Drug sensitivity of each cell line was calculated from the drug dose–response curves obtained by using a standard MTT assay kit (Roche Diagnostics GmbH, Mannheim, Germany) and expressed as IC50 (drug concentration resulting in 50% inhibition of cell growth after 96h of in vitro treatment). In DX-resistant variants, in vitro efficacies of VX-680 and ZM447439 were also assessed when ABCB1 was inhibited with CBT-1 or siRNA. Cells were treated for 96h with different dosages of each Aurora kinase inhibitor ±0.5–1μM CBT-1, 10nM ABCB1 siRNA, or scrambled oligonucleotide. The extent of growth inhibition in the presence of CBT-1, siRNA ABCB1, or scrambled was compared with that obtained with VX-680 or ZM447439 alone.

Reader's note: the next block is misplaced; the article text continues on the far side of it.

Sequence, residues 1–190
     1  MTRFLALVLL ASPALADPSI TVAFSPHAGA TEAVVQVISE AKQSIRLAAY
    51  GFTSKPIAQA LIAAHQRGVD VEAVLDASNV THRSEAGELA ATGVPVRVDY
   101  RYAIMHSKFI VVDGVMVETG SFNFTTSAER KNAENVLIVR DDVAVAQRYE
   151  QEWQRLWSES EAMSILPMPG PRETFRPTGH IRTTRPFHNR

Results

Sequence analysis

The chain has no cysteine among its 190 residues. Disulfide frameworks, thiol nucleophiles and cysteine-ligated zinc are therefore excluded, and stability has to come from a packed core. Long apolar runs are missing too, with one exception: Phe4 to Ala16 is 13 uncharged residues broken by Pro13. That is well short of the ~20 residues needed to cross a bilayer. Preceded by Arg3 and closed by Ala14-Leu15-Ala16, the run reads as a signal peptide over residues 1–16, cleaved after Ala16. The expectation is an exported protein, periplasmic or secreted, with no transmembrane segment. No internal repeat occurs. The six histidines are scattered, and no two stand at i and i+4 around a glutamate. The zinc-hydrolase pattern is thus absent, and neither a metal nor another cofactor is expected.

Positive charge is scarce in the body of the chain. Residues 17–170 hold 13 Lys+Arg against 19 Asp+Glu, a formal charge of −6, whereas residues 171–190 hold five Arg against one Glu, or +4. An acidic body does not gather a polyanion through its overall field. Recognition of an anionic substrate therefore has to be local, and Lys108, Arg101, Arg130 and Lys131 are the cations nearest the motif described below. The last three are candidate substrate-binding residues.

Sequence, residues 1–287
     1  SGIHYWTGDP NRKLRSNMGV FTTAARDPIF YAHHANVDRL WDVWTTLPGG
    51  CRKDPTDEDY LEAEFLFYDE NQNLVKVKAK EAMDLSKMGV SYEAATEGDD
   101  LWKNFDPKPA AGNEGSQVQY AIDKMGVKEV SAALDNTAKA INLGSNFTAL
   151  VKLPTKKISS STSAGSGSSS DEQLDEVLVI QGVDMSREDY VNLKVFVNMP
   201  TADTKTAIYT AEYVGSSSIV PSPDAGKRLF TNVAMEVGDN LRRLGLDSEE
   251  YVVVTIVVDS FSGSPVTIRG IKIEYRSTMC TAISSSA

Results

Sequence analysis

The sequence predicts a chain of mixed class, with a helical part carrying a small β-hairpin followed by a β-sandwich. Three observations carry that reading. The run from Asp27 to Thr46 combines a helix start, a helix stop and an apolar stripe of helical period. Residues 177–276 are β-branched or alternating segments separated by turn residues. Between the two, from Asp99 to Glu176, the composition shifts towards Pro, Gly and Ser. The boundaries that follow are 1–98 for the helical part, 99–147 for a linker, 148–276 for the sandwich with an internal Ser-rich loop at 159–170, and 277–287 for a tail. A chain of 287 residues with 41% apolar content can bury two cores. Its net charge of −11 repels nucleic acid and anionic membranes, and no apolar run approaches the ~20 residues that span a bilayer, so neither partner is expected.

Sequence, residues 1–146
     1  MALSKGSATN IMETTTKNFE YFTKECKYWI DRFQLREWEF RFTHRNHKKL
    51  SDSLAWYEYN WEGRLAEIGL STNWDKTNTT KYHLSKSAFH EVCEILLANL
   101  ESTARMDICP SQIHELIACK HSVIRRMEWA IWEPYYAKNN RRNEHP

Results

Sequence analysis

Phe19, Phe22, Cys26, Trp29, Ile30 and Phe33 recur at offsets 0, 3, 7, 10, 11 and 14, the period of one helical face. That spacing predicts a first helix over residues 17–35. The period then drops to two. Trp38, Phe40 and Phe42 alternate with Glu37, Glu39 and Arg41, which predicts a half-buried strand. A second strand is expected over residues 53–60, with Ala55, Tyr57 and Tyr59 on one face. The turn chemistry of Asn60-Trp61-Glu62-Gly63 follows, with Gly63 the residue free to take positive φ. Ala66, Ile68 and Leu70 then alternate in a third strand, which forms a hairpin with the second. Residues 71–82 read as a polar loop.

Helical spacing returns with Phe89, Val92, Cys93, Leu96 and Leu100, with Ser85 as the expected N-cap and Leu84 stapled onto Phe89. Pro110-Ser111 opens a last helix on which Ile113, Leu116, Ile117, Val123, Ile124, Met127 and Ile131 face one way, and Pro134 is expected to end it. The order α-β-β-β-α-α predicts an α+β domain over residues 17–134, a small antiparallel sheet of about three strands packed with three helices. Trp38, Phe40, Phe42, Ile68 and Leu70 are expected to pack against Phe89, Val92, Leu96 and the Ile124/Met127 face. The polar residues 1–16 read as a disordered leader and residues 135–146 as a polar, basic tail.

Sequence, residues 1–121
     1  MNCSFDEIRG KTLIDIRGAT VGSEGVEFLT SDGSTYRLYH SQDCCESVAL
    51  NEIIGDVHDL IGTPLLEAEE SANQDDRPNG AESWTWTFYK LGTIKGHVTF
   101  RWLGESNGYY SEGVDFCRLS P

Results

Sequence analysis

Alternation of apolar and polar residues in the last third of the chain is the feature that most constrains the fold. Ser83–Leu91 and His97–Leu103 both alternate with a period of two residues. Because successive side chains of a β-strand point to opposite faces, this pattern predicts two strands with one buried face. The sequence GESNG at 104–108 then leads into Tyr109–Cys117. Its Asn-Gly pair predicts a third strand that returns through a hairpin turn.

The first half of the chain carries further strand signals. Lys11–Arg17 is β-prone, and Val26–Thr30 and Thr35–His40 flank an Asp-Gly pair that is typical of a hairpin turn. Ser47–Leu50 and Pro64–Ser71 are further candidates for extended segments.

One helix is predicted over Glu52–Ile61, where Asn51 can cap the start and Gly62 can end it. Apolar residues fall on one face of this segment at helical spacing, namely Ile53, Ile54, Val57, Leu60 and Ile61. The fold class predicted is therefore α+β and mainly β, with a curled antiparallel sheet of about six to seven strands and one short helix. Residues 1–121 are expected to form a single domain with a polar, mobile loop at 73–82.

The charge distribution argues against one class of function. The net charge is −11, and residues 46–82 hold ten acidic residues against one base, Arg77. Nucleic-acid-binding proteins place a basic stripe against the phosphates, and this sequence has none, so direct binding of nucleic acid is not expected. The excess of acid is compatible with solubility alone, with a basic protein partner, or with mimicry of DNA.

Evaluation of drug–drug interactions

To evaluate the in vitro interactions between VX-680 or ZM447439 and conventional chemotherapeutic drugs, human OS cell lines were incubated with different regimens of two-drugs combinations. Cell lines were treated with combinations of increasing and decreasing drug dosages defined on the basis of the ratio of the specific IC50 values obtained in each cell line. Drug interaction effects were evaluated after 96h of combined treatment. To define the type of interaction in terms of synergism, antagonism, or additivity, the combination index (CI) of each two-drugs combination was calculated with the equation of Chou–Talalay by using the CalcuSyn software (Biosoft, Stapleford, UK), as previously described (Pasello et al, 2008). By following the range of CI values indicated in the CalcuSyn software manual, we classified the drug–drug interaction as synergistic when CI was lower than 0.90, as additive when 0.90less than or equal toCIless than or equal to1.10, or as antagonistic when CI was higher than 1.10.

Cell cycle analysis